For some imaging applications, the extent to which a camera can communicate with its environment can be an important aspect in the camera decision process. The table below provides an overview of the connectivity of the Nikon Z5 and Ricoh WG-60 and, in particular, the interfaces the cameras (and selected comparators) provide for accessory control and data transfer.
| WiFi |
| NFC |
|8.||Nikon Z7 II||Y||stereo||mono||Y||Y||micro||3.2||Y||-||Y|
|9.||Nikon Z6 II||Y||stereo||mono||Y||Y||micro||3.2||Y||-||Y|
|15.||Sony A9 II||Y||stereo||mono||Y||Y||micro||3.1||Y||Y||Y|
|16.||Sony A7R IV||Y||stereo||mono||Y||Y||micro||3.1||Y||Y||Y|
It is notable that the Z5 has a hotshoe, while the WG-60 does not. This socket makes it possible to easily attach optional accessories, such as an external flash gun.
Both the Z5 and the WG-60 are recent models that are part of the current product line-up. The WG-60 replaced the earlier Ricoh WG-50, while the Z5 does not have a direct predecessor. Further information on the two cameras (e.g. user guides, manuals), as well as related accessories, can be found on the official Nikon and Ricoh websites.
So what is the bottom line? Which of the two cameras – the Nikon Z5 or the Ricoh WG-60 – has the upper hand? Is one clearly better than the other? The listing below highlights the relative strengths of the two models.
Advantages of the Nikon Z5:
- More detail: Offers more megapixels (24.2 vs 15.9MP) with a 26% higher linear resolution.
- Better moiré control: Has an anti-alias filter to avoid artificial patterns to appear in images.
- Better image quality: Features a larger and more technologically advanced imaging sensor.
- Richer colors: The sensor size advantage translates into images with better, more accurate colors.
- More dynamic range: Larger sensor captures a wider spectrum of light and dark details.
- Better low-light sensitivity: Larger sensor produces good images even in poorly lit environments.
- Better video: Provides higher definition movie capture (4K/30p vs 1080/60p).
- Better live-view autofocus: Features on-sensor phase-detection for more confident autofocus.
- Better sound: Can connect to an external microphone for higher quality sound recording.
- Better sound control: Has a headphone port that enables audio monitoring while recording.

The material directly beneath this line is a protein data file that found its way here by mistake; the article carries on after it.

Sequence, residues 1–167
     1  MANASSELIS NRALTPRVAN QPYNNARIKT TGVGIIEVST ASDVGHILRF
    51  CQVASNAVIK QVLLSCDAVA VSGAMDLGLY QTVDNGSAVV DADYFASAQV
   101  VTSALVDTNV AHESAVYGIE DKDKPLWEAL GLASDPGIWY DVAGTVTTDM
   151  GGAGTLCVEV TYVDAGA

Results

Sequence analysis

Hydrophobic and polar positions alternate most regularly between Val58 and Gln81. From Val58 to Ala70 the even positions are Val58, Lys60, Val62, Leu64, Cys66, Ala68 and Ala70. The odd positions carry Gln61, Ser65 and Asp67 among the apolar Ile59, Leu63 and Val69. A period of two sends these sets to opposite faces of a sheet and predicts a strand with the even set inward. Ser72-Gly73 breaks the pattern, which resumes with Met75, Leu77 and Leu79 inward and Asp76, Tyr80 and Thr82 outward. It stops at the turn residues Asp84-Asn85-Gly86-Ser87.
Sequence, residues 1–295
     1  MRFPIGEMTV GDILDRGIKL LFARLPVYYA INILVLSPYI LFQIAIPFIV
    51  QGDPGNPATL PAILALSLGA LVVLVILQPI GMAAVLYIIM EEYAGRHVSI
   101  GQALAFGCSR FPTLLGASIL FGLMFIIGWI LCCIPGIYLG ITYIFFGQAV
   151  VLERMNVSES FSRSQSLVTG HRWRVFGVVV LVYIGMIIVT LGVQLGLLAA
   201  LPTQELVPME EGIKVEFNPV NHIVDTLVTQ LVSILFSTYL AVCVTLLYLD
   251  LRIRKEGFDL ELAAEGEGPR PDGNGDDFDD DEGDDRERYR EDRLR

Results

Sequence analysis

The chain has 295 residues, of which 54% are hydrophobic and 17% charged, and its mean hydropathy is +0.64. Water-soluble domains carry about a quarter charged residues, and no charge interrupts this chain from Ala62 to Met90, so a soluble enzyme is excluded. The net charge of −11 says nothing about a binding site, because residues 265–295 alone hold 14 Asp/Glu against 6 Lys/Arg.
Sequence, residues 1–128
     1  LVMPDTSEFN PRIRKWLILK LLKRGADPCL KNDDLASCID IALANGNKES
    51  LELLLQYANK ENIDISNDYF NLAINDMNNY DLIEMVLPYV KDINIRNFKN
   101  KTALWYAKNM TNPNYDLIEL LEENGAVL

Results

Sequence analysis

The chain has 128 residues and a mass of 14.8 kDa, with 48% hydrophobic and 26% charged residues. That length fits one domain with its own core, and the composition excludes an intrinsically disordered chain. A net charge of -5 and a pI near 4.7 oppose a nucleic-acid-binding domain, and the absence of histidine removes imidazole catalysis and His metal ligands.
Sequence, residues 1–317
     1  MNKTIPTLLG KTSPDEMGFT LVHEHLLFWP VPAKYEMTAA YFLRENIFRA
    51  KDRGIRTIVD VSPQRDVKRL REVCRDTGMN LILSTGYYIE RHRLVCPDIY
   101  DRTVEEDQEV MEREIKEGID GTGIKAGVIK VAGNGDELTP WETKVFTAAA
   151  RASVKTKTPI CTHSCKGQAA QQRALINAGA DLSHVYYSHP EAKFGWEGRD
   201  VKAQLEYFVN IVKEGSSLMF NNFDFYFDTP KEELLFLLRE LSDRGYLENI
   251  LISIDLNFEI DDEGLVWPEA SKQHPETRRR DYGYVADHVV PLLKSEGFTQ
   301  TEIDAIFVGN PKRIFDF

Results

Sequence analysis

- Easier framing: Has an electronic viewfinder for image composition and settings control.
- Larger screen: Has a bigger rear LCD (3.2" vs 2.7") for image review and settings control.
- More detailed LCD: Has a higher resolution rear screen (1040k vs 230k dots).
- More flexible LCD: Has a tilting screen for odd-angle shots in landscape orientation.
- Fewer buttons to press: Is equipped with a touch-sensitive rear screen to facilitate handling.
- Faster shutter: Has higher mechanical shutter speed (1/8000s vs 1/4000s) to freeze action.
- Less disturbing: Has an electronic shutter option for completely silent shooting.
- More flexible: Accepts interchangeable lenses, so that lens characteristics can be altered.
- Longer lasting: Can take more shots (470 versus 300) on a single battery charge.
- Easier travel charging: Can be conveniently charged via its USB port.
- Sharper images: Has hand-shake reducing image stabilization built-in.
- Better lighting: Features a hotshoe and can thus hold and trigger an external flash gun.
- Faster data transfer: Supports a more advanced USB protocol (3.2 vs 2.0).
- Easier file upload: Has wifi built in for automatic backup or image transfer to the web.
- Easier wireless transfer: Supports Bluetooth for image sharing without cables.
- Greater peace of mind: Features a second card slot as a backup in case of memory card failure.
- Faster buffer clearing: Supports Ultra High Speed (UHS-II) SDXC cards on both slots.
- More modern: Is somewhat more recent (announced 1 year and 8 months after the WG-60).
Arguments in favor of the Ricoh WG-60:
- Maximized detail: Lacks an anti-alias filter to exploit the sensor's full resolution potential.
- Faster burst: Shoots at higher frequency (8 vs 4.5 flaps/sec) to capture the decisive moment.
- Ready to shoot: Has an integrated lens, whereas the Z5 necessitates an extra lens.
- More compact: Is smaller (123x62mm vs 134x101mm) and will fit more readily into a bag.
- Less heavy: Has a lower weight even though it has a lens built in (unlike the Z5).
- Water-proof: Is rugged and sealed and can thus be used for underwater photography (up to 14m).
- Easier fill-in: Has a small integrated flash to brighten shadows of backlit subjects.
- More affordable: Was introduced at a lower price, despite coming with a built-in lens.
- More heavily discounted: Has been on the market for longer (launched in October 2018).
If the count of relative strengths (bullet points above) is taken as a measure, the Z5 is the clear winner of the match-up (28 : 9 points). However, the relevance of individual strengths will vary across photographers, so that you might want to apply your own weighing scheme to the summary points when reflecting and deciding on a new camera. A professional wedding photographer will view the differences between cameras in a way that diverges from the perspective of a travel photog, and a person interested in cityscapes has distinct needs from a macro shooter. Hence, the decision which camera is best and worth buying is often a very personal one.